I know it can be hard to know whether a story will interest you and decide whether or not to read it. I thought I’d let you know a little more of this story’s “inside story.”
The thing that I believe is most unusual about my story is first, that it concerns a time period in the history of the west coast of North America (before the European explorers arrived), and an entire culture (that of the Tongva), which have been almost entirely omitted from literature. To the best of my knowledge, very little has been written about Southern California’s original peoples.
Because my book is about a culture which was all but wiped out, relatively little has generally been known about the Tongva as they existed then. Yet some of their place names have survived right up to the present in the names of streets and locations I heard all my life. Cahuenga (Blvd.) came from Kawengna, Tujunga Canyon from Tuhungna, and Topanga Canyon from Topangna. There are many others. I really wanted to bring back the reality of this rich original culture to people through my story, and bring some of its people – even though imaginary – alive.
To help you envision the details better, I took care to describe the locations, natural plant life, and wildlife accurately. Most of the locales in the story are real, because they are the places I frequented as I grew up. The final scene in the book takes place at an actual place high in the Santa Monica Mountains – which is a coastal range just north and west of Los Angeles. I won’t reveal where it is – but I am sure that some of you may be able to figure that out. It is a indeed a magical place. I went back there over the years a number of times to show it to special friends. (The last time I was up there, I took a boyfriend to impress him – but afterward I scared the living daylights out of him by zooming down the winding canyon roads too fast in my VW bug. I had thought all men liked speed – I was wrong!)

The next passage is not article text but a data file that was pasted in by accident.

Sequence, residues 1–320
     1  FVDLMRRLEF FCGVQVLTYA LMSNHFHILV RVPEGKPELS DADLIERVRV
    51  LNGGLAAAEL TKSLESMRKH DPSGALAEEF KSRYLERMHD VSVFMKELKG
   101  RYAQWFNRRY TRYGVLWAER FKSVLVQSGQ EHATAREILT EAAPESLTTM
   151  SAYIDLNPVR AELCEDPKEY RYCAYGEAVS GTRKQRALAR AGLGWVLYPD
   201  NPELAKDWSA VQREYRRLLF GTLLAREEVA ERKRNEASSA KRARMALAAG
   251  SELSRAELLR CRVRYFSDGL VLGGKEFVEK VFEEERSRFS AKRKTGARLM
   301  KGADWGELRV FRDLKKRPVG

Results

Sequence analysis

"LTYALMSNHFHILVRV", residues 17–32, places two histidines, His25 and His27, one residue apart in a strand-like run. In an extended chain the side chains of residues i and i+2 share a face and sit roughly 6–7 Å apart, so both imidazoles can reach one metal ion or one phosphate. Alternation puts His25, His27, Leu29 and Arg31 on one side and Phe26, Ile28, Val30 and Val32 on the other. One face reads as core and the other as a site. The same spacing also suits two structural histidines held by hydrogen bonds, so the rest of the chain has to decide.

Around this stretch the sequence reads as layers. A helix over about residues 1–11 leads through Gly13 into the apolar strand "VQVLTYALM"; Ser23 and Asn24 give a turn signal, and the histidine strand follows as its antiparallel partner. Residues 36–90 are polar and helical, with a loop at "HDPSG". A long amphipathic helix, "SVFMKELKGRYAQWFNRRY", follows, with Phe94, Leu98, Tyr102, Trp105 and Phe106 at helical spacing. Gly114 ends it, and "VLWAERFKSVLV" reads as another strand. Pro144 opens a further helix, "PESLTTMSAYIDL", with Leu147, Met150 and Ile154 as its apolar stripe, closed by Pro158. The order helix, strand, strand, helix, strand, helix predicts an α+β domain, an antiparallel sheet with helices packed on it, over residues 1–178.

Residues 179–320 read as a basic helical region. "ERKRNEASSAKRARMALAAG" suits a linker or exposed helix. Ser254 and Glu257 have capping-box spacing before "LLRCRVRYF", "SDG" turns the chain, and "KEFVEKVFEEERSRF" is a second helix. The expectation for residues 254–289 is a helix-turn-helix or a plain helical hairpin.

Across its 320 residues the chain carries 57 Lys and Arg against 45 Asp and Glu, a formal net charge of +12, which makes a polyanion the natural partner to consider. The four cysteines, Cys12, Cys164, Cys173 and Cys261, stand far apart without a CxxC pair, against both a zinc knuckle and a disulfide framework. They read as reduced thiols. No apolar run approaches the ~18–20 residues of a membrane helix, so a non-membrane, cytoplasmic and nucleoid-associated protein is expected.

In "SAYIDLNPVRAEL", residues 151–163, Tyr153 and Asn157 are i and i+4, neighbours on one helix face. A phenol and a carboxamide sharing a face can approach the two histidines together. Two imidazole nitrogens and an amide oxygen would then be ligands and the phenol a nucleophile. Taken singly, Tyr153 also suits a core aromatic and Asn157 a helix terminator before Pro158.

The story, seen from Tacu’s viewpoint, is about many things, one of which is learning from your environment and what you see and encounter around you. It is also about becoming aware of more than just the physical objects, and about being able to take what life brings you and turn it to the best. I think you could say that Tacu learns to live life as a Tongva brave in a better, fuller, and more courageous way than he previously was able.
Lastly, the book is a 136-page novelette – longer than most short stories, but not nearly as long as a novel. I do hope you will get it and let me know what you think.
Incidentally, The Way of the Eagle is now available both on Kindle and in softcover – priced low to enable more people to be able to get it. All versions, including the e-books, contain beautiful illustrations to help you enjoy Tacu’s journey and see a little of what he saw, all those centuries ago. I’m very happy at the appearance of both the softcover and the Kindle versions. In the Kindle e-book, the illustrations are big enough to see, and the cover is too! The book will also soon be available for Apple mobile devices, Sony, Kobo, and others.
Have a great day – see if you can make it more and better! D.E. Lamont